MSU and Merit Receive $10.5M Grant to Enable Statewide Improved Internet
MICHIGAN - Merit Network and Michigan State University are now joint recipients of a $10.5 million National Telecommunications and Information Administration (NTIA) Broadband Infrastructure Program Grant that will connect Michigan’s many disparate internet pathways.
As the State of Michigan continues to prepare for federally funded broadband investments, MSU and Merit proactively and independently applied for the NTIA grant to move things ahead faster.
“MSU is committed to creating a world in which all can thrive, especially Michigan communities. By receiving the NTIA grant, we’re able to forge a more equitable path forward,” said Melissa Woo, executive vice president for administration, chief information officer, and Chair of the Merit Network Board of Directors.
“This solution enables equal and open access to broadband services to all Michiganders and can be leveraged to deliver education, healthcare, and employment services.”
This program, named the Michigan Open Optical Network - Leveraging Innovation to get High-Speed Technology, (MOON-Light), will help address critical infrastructure gaps by enabling technologically advanced, middle-mile fiber-optic infrastructure across the state.
It will allow interconnecting local internet service providers (ISPs) to bring affordable, robust, high-speed broadband internet to homes and businesses in Michigan’s underserved/unserved population areas.
Entire regions across Michigan lack high-performance fiber optical connections to the internet through mainline attachments, (“middle-mile” infrastructure), and many residents remain unserved with approximately 380,000 lacking any connectivity to their homes and businesses, (“last mile” infrastructure).
One of the regions included locally is Ingham County. In some areas of Ingham County, high-speed internet is not available for residents. Ingham County needs to gain a better picture of which properties do not have the essential internet they need by sending out the Broadband Census survey to residents for data and tracking.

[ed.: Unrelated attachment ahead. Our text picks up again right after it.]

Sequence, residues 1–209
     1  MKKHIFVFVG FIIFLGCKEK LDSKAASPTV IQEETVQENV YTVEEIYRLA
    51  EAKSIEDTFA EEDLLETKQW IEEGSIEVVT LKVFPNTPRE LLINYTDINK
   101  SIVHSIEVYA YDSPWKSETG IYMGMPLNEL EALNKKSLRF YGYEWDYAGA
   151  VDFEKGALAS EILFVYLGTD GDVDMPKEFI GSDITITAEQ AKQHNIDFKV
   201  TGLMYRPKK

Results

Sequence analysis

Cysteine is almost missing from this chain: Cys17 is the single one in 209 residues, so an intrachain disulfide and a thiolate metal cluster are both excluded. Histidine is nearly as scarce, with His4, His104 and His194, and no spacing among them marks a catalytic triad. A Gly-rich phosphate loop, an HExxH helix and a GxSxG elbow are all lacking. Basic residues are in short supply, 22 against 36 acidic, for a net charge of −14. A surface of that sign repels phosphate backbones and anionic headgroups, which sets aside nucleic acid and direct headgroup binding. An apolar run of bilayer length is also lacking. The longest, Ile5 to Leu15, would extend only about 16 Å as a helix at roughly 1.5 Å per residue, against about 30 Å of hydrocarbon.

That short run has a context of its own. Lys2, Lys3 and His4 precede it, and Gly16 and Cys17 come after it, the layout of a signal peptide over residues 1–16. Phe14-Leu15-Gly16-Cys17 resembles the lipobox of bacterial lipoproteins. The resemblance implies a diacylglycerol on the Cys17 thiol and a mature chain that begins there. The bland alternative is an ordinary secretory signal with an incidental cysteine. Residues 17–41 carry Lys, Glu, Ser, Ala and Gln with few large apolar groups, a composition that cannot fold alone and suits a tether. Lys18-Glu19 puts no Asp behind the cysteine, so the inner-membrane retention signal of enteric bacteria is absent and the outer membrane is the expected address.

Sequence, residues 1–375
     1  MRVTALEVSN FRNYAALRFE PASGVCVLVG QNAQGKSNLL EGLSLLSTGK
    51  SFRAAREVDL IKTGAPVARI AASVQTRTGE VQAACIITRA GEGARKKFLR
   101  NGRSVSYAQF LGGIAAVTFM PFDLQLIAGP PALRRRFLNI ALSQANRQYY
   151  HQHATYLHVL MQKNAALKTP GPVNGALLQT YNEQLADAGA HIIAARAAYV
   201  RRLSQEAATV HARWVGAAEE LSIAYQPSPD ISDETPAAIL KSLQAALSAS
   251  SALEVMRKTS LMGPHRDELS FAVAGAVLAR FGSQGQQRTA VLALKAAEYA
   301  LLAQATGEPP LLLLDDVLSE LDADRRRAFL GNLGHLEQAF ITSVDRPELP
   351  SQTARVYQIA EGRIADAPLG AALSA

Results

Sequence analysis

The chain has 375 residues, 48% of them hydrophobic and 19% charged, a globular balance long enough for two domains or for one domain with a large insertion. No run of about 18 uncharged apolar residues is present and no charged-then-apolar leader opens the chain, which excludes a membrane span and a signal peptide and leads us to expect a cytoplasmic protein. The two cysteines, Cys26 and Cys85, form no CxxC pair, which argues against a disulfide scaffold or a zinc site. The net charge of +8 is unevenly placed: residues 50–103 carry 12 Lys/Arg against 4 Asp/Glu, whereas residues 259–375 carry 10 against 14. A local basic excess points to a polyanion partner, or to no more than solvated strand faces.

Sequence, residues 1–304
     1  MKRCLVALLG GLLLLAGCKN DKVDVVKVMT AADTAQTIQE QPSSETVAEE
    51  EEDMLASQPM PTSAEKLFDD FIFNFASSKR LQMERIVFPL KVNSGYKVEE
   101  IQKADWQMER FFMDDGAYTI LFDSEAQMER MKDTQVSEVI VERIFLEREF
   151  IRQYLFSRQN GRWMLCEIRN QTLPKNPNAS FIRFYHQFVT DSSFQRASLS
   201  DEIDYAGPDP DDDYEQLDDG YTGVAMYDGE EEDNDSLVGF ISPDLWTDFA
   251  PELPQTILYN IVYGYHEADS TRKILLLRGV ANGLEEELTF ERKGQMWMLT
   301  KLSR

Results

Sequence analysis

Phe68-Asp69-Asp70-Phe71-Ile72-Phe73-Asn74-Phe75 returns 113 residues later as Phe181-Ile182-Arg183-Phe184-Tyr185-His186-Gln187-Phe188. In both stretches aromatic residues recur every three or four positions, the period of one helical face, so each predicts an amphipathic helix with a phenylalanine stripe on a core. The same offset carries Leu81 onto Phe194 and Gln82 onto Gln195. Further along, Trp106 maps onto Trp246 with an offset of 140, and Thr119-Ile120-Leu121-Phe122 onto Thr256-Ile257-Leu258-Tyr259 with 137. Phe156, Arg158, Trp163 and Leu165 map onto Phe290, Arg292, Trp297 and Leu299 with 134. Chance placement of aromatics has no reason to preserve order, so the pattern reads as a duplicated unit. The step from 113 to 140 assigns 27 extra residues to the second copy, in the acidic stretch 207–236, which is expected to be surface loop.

"The Broadband Census allows us to determine what exactly needs to be done for Ingham County’s broadband infrastructure," said Gregg Todd, Ingham County Administrator/Controller.
"Grant funding is what we need in order to fund programs, but the Broadband Census is what gives us the data and knowledge to know what and where that funding needs to be applied if and when we receive it," said Todd.
"The more Broadband Censuses we receive, the better we will be able to serve Ingham County and address its needs to the utmost capability."
Unlike closed (private) infrastructure that offers services from a single service provider to residents, the MOON-Light network will provide regional connectivity through an open-access network approach. Open-access networks (OANs), are high-performance networks that are open to multiple providers that leverage the infrastructure to offer high-capacity broadband services to residents and businesses.
The project deploys equipment only on a statewide scale and requires no additional middle-mile fiber construction. Implementation is expected to take 12 months.